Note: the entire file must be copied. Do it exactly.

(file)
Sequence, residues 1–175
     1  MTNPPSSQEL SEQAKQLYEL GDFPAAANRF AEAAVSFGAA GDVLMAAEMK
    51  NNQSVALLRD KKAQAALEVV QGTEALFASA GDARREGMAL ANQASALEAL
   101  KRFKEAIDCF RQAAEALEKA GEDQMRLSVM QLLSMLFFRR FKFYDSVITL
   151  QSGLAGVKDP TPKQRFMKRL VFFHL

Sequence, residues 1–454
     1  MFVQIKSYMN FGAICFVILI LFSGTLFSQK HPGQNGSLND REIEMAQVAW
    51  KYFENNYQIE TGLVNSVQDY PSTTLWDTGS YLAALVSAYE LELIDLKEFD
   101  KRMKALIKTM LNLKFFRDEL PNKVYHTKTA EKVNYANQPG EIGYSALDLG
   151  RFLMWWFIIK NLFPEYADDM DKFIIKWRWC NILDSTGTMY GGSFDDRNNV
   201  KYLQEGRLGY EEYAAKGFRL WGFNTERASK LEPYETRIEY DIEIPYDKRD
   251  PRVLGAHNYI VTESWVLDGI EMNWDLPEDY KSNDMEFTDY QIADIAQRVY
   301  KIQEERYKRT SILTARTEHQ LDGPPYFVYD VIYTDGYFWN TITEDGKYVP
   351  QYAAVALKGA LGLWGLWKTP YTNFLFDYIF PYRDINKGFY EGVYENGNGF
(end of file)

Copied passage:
Sequence, residues 1–175
     1  MTNPPSSQEL SEQAKQLYEL GDFPAAANRF AEAAVSFGAA GDVLMAAEMK
    51  NNQSVALLRD KKAQAALEVV QGTEALFASA GDARREGMAL ANQASALEAL
   101  KRFKEAIDCF RQAAEALEKA GEDQMRLSVM QLLSMLFFRR FKFYDSVITL
   151  QSGLAGVKDP TPKQRFMKRL VFFHL

Sequence, residues 1–454
     1  MFVQIKSYMN FGAICFVILI LFSGTLFSQK HPGQNGSLND REIEMAQVAW
    51  KYFENNYQIE TGLVNSVQDY PSTTLWDTGS YLAALVSAYE LELIDLKEFD
   101  KRMKALIKTM LNLKFFRDEL PNKVYHTKTA EKVNYANQPG EIGYSALDLG
   151  RFLMWWFIIK NLFPEYADDM DKFIIKWRWC NILDSTGTMY GGSFDDRNNV
   201  KYLQEGRLGY EEYAAKGFRL WGFNTERASK LEPYETRIEY DIEIPYDKRD
   251  PRVLGAHNYI VTESWVLDGI EMNWDLPEDY KSNDMEFTDY QIADIAQRVY
   301  KIQEERYKRT SILTARTEHQ LDGPPYFVYD VIYTDGYFWN TITEDGKYVP
   351  QYAAVALKGA LGLWGLWKTP YTNFLFDYIF PYRDINKGFY EGVYENGNGF